At-grade alignments between an at-grade crossing and an other-than-at-
grade crossing with another right-of-way should be reported as At-Grade 
Exclusive Right-of-Way (ROW).

(4) Reporting Requirements for Small Systems

    The NTD currently offers reduced reporting requirements to 
recipients or beneficiaries of Section 5307 grants that only operate 9 
or fewer vehicles in maximum service throughout the year. Systems 
receiving this ``9 or Fewer Vehicles Waiver'' currently only need to 
report their contact information and their revenue vehicle inventory to 
the NTD each year. Systems receiving this waiver, however, do not 
report any data on service operations (e.g., vehicle revenue miles), 
nor on ridership, and thus data from these systems is not available for 
use in the apportionment of Section 5307 grants (including the Small 
Transit Intensive Cities (STIC) tier). As such, of the 144 transit 
systems eligible for this waiver in 2009, only 98 (68%) used the 
waiver. This is an even smaller percentage (14%) of the 705 systems 
reporting to the NTD in 2009.
    The Safe, Accountable, Flexible, Efficient Transportation Equity 
Act: A Legacy to Users (SAFETEA-LU) of 2005 established new 
requirements for recipients or beneficiaries of Section 5311 grants 
(Other Than Urbanized Area (Rural) Formula Grants) to report to the NTD 
on their sources of revenues, vehicle revenue miles, and ridership,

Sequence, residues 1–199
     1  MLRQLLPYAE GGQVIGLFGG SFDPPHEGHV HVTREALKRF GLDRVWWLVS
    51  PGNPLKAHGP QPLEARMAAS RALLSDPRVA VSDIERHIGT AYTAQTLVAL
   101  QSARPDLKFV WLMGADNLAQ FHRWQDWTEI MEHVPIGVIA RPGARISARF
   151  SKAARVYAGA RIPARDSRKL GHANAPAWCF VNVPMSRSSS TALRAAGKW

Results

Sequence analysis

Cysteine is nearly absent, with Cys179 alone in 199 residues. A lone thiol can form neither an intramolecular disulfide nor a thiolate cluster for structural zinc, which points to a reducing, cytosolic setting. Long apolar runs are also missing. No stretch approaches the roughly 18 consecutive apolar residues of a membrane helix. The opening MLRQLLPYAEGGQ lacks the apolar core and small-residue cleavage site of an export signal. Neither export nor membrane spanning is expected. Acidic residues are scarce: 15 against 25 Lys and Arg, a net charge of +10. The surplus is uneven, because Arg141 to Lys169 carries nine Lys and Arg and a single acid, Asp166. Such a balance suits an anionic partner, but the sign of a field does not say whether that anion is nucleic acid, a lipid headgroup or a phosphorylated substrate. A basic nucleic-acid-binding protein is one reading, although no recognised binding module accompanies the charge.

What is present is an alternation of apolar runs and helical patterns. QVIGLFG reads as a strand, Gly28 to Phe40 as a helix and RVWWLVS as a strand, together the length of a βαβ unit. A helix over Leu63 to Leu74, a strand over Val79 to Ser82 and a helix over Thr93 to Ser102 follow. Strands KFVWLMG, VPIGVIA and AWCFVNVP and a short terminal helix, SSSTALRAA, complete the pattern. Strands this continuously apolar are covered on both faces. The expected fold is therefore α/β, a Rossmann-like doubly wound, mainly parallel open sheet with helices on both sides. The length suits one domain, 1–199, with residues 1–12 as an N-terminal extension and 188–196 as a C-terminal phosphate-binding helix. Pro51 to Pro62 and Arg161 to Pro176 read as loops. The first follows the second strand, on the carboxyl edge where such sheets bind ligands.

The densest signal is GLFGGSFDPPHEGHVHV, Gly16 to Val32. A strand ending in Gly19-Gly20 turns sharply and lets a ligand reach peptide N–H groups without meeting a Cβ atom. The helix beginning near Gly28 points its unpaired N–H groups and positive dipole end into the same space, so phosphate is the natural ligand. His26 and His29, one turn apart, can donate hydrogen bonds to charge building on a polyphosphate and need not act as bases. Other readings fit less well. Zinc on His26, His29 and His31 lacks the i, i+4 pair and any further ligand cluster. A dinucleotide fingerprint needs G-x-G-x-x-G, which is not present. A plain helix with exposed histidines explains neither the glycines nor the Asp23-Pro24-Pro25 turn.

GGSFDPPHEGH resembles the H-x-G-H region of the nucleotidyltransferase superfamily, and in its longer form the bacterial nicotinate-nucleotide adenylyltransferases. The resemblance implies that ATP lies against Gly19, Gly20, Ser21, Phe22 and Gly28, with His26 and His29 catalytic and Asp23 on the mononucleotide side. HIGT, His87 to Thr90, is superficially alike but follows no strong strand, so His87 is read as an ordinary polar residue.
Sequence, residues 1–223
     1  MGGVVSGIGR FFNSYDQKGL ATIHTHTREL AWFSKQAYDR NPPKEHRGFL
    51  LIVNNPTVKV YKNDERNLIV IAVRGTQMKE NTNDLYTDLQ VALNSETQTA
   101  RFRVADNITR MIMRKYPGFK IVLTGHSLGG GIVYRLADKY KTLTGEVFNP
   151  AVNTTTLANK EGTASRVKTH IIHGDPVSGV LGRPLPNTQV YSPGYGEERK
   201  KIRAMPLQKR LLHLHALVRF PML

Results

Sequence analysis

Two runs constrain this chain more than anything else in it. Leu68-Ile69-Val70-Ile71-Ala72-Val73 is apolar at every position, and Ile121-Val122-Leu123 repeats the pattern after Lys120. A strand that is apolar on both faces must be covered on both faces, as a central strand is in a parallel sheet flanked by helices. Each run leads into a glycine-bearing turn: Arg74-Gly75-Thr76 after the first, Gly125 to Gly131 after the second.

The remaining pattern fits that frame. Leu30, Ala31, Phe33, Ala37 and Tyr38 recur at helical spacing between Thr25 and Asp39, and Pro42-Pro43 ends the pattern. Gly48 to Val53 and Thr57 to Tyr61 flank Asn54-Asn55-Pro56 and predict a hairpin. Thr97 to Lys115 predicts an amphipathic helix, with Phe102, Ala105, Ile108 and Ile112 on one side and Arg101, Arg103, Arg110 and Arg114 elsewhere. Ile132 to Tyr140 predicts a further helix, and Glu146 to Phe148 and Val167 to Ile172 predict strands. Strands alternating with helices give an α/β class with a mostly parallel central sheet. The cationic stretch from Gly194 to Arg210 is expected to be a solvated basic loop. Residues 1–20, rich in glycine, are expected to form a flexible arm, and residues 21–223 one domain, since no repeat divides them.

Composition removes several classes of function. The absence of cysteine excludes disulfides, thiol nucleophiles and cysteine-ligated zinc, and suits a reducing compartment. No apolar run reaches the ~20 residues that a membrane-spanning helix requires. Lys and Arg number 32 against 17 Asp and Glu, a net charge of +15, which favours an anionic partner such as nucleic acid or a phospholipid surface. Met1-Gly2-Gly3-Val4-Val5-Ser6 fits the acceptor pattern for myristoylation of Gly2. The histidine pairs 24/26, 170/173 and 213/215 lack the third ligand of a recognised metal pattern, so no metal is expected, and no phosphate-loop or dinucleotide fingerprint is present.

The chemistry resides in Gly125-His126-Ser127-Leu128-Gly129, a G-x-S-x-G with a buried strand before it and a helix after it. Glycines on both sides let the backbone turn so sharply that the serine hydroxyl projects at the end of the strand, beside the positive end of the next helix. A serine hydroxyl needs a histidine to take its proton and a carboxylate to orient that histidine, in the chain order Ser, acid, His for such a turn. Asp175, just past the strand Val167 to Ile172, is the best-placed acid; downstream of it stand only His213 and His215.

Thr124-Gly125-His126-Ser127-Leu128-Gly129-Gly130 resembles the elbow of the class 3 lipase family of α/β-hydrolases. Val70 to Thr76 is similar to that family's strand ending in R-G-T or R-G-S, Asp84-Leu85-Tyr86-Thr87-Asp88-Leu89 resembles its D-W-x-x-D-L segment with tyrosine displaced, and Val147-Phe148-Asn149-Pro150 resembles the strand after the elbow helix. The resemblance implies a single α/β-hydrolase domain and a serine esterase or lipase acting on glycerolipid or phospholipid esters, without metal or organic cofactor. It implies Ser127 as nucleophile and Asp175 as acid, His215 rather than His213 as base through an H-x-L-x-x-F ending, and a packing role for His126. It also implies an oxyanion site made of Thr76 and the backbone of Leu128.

among other factors. This created two unusual circumstances. First, the 
NTD now collects and makes available to the public more data on rural 
transit systems than on small transit systems in urbanized areas. 
Second, in order to

[[Page 61555]]

meet statutory reporting requirements, a small transit system that 
receives funding from both the Section 5307 and Section 5311 Programs 
may receive a ``9 or Fewer Vehicles Waiver'' for urbanized area 
reporting, but then must also provide data to their State Department of 
Transportation (State DOT) for rural reporting. These overlapping 
reporting requirements have caused confusion both to transit systems 
required to report to the NTD and to data users. Thus, FTA proposes to 
align the requirements for transit systems receiving a ``9 or Fewer 
Vehicles Waiver'' with the reporting requirements for the Rural NTD 
Module. Transit systems receiving such a waiver will report directly to 
the NTD Annual Module (Urbanized Area Reporting) through reporting 
forms that closely mirror the RU-20 Form used for the Rural NTD. As 
such, State DOTs will not be required to complete an RU-20 on behalf of